There is increasing evidence that EPSCC can arise from pluripotent basilar cells capable of divergent differentiation with the consequence that the neuroendocrine phenotype arises as a transdifferentiation phenomenon in progression of an organ-specific carcinoma [12].
Although a rare diagnosis, EPSCC is an important radiological consideration due to its aggressive nature. Advanced locoregional disease, the presence of lymphadenopathy even with small tumors and distant metastasis were all common radiological findings with these tumors [13].
Immunohistochemical markers such as cytokeratin, neuron-specific enolase (NSE), epithelial membrane antigen (EMA), CEA, chromogranin A, and synaptophysin are helpful for the diagnosis [8, 14].
In our case the tumor was immunohistochemically negative for neuron-specific chromogranin A, which seems unusual for neuroendocrine derived SCC; however, there have been several reports showing negative immunostaining of chromogranin A in EPSCC [5].
Thyroid transcription factor 1 (TTF-1) is useful for differentiating SCC from other types of neuroendocrine tumors because EPSCC cells are generally positive for TTF-1 while other neuroendocrine tumors are not [4].
The EPSCC was usually found in patients at 60–70 years of age. Smoking and alcohol have been identified as risk factors [10]. Some authors suggested that its etiological factors are more likely to be genetic and developmental rather than environmental [2].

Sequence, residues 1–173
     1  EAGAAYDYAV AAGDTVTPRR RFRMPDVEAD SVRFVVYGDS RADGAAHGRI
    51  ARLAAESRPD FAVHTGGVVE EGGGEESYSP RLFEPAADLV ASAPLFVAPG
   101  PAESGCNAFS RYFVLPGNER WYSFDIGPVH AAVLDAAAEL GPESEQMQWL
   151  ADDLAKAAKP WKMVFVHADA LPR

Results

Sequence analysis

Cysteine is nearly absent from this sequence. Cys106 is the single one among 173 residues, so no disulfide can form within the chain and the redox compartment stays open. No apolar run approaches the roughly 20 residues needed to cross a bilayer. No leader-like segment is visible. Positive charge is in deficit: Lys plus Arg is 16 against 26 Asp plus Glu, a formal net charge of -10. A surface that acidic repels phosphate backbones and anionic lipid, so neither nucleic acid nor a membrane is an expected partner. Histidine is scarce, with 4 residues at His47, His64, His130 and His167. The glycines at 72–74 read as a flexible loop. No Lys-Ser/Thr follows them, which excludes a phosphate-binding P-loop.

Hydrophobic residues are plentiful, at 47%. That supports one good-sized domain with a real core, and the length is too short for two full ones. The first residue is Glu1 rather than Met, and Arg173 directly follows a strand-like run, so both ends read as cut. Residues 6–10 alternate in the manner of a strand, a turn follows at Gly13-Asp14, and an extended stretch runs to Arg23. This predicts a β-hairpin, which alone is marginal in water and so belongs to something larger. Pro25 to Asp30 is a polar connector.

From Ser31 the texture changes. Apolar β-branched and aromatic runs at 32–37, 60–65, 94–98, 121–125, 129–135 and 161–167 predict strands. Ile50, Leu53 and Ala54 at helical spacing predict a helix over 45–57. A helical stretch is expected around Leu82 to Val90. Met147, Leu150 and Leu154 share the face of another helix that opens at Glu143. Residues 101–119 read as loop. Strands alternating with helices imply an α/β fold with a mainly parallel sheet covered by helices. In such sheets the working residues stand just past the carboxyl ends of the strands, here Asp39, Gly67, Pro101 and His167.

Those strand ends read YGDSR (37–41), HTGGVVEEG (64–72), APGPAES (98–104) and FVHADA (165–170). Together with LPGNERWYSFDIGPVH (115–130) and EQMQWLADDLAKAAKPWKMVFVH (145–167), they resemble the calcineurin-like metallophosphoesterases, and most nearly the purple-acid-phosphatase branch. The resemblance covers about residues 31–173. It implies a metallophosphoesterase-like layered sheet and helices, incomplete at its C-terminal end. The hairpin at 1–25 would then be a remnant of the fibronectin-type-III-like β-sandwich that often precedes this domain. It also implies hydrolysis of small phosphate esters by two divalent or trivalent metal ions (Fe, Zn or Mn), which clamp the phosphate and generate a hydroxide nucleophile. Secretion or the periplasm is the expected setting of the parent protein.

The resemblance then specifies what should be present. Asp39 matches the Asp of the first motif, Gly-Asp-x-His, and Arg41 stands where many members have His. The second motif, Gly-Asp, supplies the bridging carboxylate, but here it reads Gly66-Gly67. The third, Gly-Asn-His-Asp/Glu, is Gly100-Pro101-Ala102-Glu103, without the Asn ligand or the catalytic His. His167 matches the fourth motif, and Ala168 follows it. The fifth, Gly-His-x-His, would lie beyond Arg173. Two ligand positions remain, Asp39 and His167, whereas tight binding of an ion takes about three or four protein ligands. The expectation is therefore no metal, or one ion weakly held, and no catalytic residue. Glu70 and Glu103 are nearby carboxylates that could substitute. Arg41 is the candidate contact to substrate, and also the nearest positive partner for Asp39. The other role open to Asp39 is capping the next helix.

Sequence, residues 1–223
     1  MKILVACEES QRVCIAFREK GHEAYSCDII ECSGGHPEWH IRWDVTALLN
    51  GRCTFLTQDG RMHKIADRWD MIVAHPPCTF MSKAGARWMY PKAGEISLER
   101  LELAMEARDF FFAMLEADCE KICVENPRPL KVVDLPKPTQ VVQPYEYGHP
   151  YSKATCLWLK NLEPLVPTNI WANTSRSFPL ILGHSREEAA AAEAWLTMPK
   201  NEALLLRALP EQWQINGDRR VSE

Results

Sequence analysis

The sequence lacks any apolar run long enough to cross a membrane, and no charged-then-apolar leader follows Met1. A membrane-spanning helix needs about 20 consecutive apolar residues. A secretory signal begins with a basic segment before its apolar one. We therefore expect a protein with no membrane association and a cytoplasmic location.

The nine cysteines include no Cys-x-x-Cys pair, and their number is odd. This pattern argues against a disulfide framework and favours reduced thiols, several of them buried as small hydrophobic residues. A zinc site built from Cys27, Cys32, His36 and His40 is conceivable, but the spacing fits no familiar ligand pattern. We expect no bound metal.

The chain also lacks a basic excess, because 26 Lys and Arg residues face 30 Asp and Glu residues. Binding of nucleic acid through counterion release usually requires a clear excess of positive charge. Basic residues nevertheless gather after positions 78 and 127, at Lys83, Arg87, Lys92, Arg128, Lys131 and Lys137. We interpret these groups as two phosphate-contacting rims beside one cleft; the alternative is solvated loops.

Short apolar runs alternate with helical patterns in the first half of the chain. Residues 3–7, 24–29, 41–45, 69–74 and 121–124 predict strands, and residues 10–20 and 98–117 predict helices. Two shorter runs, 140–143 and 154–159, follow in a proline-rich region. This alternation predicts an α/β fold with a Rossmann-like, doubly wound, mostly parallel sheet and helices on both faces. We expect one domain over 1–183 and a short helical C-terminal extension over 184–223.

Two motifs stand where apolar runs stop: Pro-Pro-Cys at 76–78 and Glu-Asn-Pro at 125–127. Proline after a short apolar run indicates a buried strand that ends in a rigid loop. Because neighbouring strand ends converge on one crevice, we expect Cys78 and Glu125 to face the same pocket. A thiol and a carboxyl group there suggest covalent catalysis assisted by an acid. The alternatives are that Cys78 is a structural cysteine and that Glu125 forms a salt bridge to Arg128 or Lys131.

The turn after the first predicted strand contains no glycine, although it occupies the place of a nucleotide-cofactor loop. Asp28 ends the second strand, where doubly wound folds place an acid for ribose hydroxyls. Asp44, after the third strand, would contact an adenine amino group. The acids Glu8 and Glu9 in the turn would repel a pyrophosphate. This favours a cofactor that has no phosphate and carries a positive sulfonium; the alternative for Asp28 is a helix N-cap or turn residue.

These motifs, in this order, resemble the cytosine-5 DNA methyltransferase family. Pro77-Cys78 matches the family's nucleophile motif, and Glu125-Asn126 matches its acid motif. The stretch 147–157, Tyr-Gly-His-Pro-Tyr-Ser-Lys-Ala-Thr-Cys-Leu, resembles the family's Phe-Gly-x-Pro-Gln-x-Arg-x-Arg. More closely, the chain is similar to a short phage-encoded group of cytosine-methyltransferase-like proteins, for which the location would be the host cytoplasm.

The differential diagnosis includes metastatic SCC, other types of neuroendocrine tumors, Merkel cell tumors, metastatic melanoma, lymphoma and poorly differentiated carcinoma.
There is no established system for EPSCC staging. Most clinicians have adopted the two-stage classification used for SCC: the limited stage (LD) and extensive stage (ED).
The proportion of patients with LD in head and neck tumors is 84%.
There is no standard guideline for EPSCC treatment. The prognosis is poor and 3-year survival is 30% for LD and 10% for ED [2]. The 5-year survival rate was 11–13% [4]. The most common sites for distant metastases are lungs, liver and bones. Brain metastases are less common in EPSCC compared to SCC [4], and some authors do not recommend use of palliative brain irradiation (PCI) [15] except in patients with a primary location in the head and neck region. Because of the high tendency of local recurrence and metastatic spread, multimodality therapy is increasingly applied. Galanis et al. reported the results to be particularly disappointing when locoregional extension or regional lymph node involvement were present [10]. Radical surgery could play a role in those cases in which a complete resection can be achieved with minimal morbidity. The chemotherapeutic regimens are similar to those used in SCC (combination of cisplatin + etoposide, cisplatin + irinotecan with a response rate of 69%) [6, 8]. Radiotherapy also has an effective role with a dose of at least 50 Gy in 2 Gy fractions [3]. Although outcomes for EPSCC remain poor, both surgery and radiation have been shown to significantly improve median 5- and 10-year survival rates [16]. Ochsenreither et al. reported long-term survival with multimodal treatment including surgery plus chemo- or chemoradiotherapy [12].
In spite of treatment, the median survival is 8–16 months [1, 4, 5, 10].
The EPSCC originating from the head and neck have a more favorable outcome than other sites, partly attributed to early detection and intensive treatment.
In conclusion, primary palate SCC is rare. Complete excision and chemoradiotherapy is recommended. PET-CT is useful for establishing diagnosis and staging of the disease. Standard guidelines should be established for treatment of EPSCC.


Grant: 502-03/5-061-02/502-54-122.

Conflict of interest

The authors declare no conflict of interest.